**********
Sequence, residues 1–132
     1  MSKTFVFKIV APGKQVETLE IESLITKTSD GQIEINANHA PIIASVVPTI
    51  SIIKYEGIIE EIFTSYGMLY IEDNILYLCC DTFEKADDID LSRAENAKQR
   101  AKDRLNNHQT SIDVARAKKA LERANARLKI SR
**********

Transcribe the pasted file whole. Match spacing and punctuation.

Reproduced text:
Sequence, residues 1–132
     1  MSKTFVFKIV APGKQVETLE IESLITKTSD GQIEINANHA PIIASVVPTI
    51  SIIKYEGIIE EIFTSYGMLY IEDNILYLCC DTFEKADDID LSRAENAKQR
   101  AKDRLNNHQT SIDVARAKKA LERANARLKI SR